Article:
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Bronze Turkey Tom (Meleagris gallopavo)

Bronze Turkey Tom (Meleagris gallopavo)

Indian Peafowl (Pavo cristatus)

Indian Peafowl (Pavo cristatus)

A while ago, ferrebeekeeper added the new category “fowl”.  So far, entries in this category include a write-up of predatory ducks, geese the size of dinosaurs, and terrifying people in duck costumes (not to mention the yet-to-be incorporated category of turkeys)—a pretty auspicious start for the topic!  But what exactly does “fowl” mean?  Although in English, “fowl” can be used as a general term for all birds, the word has a more specific scientific meaning:  fowl denotes a combined group of two extremely important biological orders of birds, the Galliformes (game fowl) and the Anseriformes (waterfowl).  Cladists, taxonomists who classify biological organisms according to shared ancestors, have discovered that birds from these two orders share numerous physiological features and descend jointly from a common ancestor (which most likely lived in the Cretaceous or earlier).

Mandarin Duck ((Aix galericulata)

Mandarin Duck ((Aix galericulata)

Black Swan (Cygnus atratus)

Black Swan (Cygnus atratus)

The vast majority of economically/agriculturally important domesticated birds are either galliformes or waterfowl (I am omitting pet birds like canaries, parrots, emus, pigeons, and, um, gyrefalcons, and concentrating on farm birds).  Galliformes include pheasants, quail, grouse, turkeys, junglefowl, partridges, and guineafowl (among other taxa, living and extinct).   Waterfowl include geese, ducks, swans, and screamers.  Cladists (with typical lack of euphony) call the combined group the “Galloanserae”.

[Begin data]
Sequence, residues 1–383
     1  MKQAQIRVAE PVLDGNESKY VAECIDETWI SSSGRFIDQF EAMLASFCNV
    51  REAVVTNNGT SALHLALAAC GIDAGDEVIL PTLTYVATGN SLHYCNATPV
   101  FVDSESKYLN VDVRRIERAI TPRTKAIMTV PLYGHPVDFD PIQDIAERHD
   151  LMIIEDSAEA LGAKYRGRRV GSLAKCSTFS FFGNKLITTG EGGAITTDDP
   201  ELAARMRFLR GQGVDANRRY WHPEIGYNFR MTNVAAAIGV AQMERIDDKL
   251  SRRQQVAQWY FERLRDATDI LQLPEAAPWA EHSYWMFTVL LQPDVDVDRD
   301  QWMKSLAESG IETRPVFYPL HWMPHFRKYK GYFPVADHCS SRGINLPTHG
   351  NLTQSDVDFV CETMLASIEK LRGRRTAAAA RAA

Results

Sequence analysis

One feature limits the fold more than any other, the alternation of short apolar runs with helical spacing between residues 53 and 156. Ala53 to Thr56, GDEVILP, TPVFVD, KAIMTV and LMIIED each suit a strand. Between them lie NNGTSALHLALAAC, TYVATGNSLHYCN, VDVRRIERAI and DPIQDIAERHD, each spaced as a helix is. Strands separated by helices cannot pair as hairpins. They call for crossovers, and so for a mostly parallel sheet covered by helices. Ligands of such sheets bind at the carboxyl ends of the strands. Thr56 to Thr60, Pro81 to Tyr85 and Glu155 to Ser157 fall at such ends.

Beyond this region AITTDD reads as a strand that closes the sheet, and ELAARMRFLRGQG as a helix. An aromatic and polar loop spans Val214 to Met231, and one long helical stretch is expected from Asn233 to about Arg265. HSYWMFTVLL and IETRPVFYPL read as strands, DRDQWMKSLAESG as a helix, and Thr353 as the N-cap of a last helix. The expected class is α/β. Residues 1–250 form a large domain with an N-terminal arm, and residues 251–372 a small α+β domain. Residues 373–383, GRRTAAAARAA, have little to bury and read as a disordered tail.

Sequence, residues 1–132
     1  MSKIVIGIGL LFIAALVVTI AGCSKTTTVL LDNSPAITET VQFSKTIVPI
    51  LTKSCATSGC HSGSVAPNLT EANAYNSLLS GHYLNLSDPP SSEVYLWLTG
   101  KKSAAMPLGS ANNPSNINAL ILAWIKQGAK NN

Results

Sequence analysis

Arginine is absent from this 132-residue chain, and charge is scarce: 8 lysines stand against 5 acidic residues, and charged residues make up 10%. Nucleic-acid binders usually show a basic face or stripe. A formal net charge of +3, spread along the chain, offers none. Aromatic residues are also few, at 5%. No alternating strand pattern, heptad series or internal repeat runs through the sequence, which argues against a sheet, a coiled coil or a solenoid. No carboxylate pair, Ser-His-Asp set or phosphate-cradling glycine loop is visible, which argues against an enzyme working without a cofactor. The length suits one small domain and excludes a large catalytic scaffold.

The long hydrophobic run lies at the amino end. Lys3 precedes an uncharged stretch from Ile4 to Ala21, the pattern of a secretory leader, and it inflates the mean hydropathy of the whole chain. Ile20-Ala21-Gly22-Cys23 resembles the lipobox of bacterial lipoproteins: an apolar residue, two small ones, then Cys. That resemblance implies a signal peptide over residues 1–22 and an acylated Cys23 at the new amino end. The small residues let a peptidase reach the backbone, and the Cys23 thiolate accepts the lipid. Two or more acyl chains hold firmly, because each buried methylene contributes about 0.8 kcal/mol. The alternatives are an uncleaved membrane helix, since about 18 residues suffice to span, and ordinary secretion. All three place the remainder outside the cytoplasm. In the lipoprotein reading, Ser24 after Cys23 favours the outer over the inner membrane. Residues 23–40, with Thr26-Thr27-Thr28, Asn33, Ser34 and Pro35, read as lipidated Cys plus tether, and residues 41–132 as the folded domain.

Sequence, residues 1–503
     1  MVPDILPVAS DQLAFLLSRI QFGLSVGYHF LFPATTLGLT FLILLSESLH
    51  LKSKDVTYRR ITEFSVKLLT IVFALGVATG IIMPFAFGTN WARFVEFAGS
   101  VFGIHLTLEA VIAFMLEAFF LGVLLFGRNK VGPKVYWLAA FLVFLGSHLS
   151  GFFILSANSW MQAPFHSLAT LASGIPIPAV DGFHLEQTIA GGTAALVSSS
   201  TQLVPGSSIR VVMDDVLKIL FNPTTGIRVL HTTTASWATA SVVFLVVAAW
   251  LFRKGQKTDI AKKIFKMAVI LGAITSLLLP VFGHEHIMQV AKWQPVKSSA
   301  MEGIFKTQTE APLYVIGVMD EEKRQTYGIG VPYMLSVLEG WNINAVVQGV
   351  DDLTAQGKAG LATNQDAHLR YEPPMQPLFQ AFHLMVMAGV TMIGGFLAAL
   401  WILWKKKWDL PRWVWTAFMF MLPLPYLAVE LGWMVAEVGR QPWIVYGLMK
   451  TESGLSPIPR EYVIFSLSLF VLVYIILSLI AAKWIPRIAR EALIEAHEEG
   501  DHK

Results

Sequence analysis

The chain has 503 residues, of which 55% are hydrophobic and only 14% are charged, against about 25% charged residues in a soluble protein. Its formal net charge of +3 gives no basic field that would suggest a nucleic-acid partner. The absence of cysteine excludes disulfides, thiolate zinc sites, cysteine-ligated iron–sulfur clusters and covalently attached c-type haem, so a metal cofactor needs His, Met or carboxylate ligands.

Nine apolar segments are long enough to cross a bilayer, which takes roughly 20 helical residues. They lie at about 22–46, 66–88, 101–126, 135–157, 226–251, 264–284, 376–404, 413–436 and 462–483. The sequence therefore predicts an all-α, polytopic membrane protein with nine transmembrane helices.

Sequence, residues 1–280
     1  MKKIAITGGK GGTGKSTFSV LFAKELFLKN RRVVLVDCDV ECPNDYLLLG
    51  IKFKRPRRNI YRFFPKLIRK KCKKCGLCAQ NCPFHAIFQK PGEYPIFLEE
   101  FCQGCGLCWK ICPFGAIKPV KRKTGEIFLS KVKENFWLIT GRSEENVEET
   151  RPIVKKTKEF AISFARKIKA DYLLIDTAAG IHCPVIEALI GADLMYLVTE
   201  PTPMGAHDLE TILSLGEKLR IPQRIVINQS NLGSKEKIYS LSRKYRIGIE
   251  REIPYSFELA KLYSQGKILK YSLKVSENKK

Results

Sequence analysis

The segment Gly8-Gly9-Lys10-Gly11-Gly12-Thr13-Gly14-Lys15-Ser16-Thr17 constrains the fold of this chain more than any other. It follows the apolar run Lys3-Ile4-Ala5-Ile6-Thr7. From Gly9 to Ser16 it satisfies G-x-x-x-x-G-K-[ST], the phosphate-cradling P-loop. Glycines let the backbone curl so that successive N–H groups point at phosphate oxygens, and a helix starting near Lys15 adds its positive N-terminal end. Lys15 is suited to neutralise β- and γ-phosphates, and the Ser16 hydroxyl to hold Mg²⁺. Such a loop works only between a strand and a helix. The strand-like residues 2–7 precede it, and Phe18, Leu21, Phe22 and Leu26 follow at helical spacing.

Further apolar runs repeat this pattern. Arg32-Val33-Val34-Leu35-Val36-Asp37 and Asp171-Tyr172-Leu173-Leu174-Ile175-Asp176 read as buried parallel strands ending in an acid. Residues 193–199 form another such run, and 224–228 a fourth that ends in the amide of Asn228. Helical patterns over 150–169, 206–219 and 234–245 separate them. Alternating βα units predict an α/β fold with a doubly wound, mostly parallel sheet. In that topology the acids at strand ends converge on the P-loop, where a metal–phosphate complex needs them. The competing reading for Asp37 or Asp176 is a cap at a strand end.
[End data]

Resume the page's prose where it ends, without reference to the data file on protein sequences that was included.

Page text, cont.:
Buff Orpington Rooster (Gallus gallus domesticus) by Chris Mullineux

Buff Orpington Rooster (Gallus gallus domesticus) by Chris Mullineux

Palawan Peacock Pheasant (Polyplectron napoleonis) by Rene Lausberg

Palawan Peacock Pheasant (Polyplectron napoleonis) by Rene Lausberg

Although golden pheasants, black swans, and green peacocks seem extremely different (except in terms of extravagant beauty), the birds of  Galloanserae share surprising similarities.  They produce prolific clutches of eggs–which is especially unusual for large birds–and the resultant chicks are unusually precocious.  Baby ducks or turkeys can soon run after their mother and baby megapodes emerge from the incubation mound ready to fly (compare that with the passerines or raptors whose young are helpless and immobile for weeks or longer).

Southern Screamer (Chauna torquata) by Susan Roehl

Southern Screamer (Chauna torquata) by Susan Roehl

Greater Sage Grouse (Centrocercus urophasianus)